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Constance - Make tea, not war
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Constance - Make tea, not war: dear diary

The more I think about this passage the more it resonates within me. And I'm making a kind of exception here, since I don't normally talk religion in my journal.

12 Therefore, as God's chosen people, holy and dearly loved, clothe yourselves with compassion, kindness, humility, gentleness and patience. 13 Bear with each other and forgive whatever grievances you may have against one another. Forgive as the Lord forgave you. 14 And over all these virtues put on love, which binds them all together in perfect unity.

15 Let the peace of Christ rule in your hearts, since as members of one body you were called to peace. And be thankful. 16 Let the word of Christ dwell in you richly as you teach and admonish one another with all wisdom, and as you sing psalms, hymns and spiritual songs with gratitude in your hearts to God. 17 And whatever you do, whether in word or deed, do it all in the name of the Lord Jesus, giving thanks to God the Father through him.[*]

Every Monday, there's a Bible studies group at the university, and this was the passage we studied last time. It is such a thoughtful and powerful summary of what it means to be a Christian. It isn't easy, but that's the ideal we should strive for.

Love with the compassion, kindness, humility, gentleness and patience can be shown through acts of service. I like to think that I'm patient and all those things; but now that I think about it too often I'm impatient with others and lack compassion for users opening support requests. And I thought it was a kind of protection - not to care too much; that it would protect from a burn-out... But maybe it would actually help to approach things with another mind-set, with love. I remember how I enjoyed helping users before, no matter how clueless: I found it so cool that I could clue them in. How after some time, I no longer felt as motivated about helping the users, but was still passionate about helping the new volunteers through reviews, through writing tutorials that they could use in their responses, and through writing internal training tutorials. I still like those things, but the joy diminished. I must re-discover it; I think I am re-discovering it.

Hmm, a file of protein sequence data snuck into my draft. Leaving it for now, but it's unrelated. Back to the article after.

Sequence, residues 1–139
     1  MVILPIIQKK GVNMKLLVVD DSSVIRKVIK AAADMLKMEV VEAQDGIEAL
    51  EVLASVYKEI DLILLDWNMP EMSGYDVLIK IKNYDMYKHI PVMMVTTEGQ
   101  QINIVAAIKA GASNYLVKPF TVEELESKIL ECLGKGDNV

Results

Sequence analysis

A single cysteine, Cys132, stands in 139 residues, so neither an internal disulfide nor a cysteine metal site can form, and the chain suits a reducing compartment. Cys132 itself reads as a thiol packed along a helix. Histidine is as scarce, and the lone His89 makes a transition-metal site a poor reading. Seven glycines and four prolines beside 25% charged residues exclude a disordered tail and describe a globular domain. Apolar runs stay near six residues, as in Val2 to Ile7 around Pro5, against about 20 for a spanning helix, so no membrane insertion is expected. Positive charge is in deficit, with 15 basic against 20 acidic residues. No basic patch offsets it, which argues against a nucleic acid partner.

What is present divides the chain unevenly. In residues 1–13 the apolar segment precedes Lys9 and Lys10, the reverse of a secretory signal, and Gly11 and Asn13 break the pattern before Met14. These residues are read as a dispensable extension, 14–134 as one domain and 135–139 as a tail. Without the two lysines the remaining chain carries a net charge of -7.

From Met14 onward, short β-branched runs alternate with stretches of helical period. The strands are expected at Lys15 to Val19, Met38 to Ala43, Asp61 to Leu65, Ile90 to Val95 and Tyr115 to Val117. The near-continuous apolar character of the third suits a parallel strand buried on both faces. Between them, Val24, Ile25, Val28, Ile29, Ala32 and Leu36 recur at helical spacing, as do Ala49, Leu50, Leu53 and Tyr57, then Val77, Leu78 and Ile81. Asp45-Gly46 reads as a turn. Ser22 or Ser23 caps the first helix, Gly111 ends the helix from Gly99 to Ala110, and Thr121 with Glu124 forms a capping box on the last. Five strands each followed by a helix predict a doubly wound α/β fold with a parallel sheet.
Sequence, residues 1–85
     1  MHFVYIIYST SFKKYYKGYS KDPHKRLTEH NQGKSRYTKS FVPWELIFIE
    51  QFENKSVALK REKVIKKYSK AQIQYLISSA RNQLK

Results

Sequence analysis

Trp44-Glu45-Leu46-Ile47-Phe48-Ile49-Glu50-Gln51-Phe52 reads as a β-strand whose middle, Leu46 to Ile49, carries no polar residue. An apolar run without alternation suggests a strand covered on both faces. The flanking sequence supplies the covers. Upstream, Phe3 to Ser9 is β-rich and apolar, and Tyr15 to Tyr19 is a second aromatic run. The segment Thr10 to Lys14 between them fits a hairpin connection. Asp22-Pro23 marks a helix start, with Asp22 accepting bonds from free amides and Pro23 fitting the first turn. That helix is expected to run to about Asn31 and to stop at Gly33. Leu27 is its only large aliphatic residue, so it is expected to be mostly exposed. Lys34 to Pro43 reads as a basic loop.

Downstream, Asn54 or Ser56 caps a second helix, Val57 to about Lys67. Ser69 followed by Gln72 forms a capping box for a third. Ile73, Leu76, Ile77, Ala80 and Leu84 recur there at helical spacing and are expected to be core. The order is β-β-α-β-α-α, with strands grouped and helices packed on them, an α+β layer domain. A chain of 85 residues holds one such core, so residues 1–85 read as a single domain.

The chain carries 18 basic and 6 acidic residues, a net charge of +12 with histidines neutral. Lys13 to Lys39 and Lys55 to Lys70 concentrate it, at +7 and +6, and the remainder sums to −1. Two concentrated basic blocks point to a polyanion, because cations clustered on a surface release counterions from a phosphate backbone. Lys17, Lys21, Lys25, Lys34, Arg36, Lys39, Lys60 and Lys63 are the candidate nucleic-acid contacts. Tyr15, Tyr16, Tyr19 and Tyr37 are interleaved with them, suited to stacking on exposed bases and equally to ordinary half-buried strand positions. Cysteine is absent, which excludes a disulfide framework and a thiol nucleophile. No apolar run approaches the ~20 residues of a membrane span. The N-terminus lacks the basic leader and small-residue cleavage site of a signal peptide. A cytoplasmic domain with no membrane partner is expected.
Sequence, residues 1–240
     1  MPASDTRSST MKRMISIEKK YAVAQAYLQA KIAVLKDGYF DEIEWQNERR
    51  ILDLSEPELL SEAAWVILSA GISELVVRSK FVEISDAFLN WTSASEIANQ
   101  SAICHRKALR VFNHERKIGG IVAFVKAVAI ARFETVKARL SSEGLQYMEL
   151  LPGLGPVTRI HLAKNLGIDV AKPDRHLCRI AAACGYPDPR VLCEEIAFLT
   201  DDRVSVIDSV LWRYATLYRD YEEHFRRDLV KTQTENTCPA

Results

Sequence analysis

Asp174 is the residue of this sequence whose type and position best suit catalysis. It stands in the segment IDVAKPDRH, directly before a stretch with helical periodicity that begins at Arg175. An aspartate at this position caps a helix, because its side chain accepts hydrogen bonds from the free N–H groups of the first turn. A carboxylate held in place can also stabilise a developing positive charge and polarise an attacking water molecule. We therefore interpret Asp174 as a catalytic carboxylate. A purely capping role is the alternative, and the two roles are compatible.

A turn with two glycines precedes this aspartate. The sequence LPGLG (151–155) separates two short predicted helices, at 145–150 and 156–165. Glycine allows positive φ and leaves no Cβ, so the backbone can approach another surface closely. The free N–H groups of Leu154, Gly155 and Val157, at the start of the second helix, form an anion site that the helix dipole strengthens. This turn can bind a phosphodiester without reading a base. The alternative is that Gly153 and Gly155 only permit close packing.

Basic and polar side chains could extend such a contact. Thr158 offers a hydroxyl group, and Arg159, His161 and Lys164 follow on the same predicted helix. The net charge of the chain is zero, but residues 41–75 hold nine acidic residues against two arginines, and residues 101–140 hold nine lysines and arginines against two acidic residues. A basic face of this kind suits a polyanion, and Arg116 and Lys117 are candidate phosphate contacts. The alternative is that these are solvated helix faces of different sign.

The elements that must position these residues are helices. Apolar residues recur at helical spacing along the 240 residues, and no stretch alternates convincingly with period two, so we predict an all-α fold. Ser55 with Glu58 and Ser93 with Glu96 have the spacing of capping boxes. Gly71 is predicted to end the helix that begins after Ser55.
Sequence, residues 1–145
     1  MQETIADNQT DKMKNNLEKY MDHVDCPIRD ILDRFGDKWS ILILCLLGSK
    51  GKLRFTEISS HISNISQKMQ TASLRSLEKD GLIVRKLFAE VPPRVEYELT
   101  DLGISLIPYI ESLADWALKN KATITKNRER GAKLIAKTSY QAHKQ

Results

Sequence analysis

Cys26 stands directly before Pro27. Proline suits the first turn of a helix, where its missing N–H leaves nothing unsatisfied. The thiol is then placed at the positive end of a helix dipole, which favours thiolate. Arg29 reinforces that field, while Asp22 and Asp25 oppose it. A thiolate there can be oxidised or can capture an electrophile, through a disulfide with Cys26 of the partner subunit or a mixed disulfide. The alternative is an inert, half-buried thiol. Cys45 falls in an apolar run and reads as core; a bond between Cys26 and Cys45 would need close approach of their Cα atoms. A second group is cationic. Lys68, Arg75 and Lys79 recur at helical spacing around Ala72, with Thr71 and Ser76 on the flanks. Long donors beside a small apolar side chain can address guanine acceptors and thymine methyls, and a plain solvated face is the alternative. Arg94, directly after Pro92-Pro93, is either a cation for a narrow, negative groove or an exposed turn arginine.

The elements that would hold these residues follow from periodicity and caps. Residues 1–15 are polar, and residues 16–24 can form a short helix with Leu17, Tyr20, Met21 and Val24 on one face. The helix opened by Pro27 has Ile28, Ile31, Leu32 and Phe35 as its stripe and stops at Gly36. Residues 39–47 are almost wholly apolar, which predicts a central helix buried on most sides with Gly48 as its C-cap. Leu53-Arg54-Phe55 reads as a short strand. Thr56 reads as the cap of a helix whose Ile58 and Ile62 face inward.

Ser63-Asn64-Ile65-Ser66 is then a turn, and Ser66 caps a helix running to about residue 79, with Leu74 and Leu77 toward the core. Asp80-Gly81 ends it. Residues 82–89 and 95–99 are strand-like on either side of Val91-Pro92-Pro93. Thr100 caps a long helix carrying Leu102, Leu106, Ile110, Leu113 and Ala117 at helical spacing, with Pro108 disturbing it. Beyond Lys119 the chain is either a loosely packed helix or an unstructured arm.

Peace... When I'm angry at something, sometimes I found peace in washing the floors and singing songs. Playing with my cat also calms me down, and of course lately I've been playing the piano.

Thankful... At the Bible studies they were joking that they are thankful that the semester ends in three weeks. How about a brief list of things I'm thankful for?

* These warm days lately: oh, absolutely! It was like summer come early. I'm thankful for them, even if that is all we get for now (it's getting colder now).
* Scholarships! By now I'm almost sure that I won't be able to get through this thing completely debt-free, but any little amount to offset it helps.
* All support volunteers, former and current, who have contributed to this great thing we have here. I have learned to value good customer support, and this is one of the best I've seen. Yes, lately we have been rather backlogged, and requests take a long time to get answered on occasion, but I do believe that everyone is contributing their best.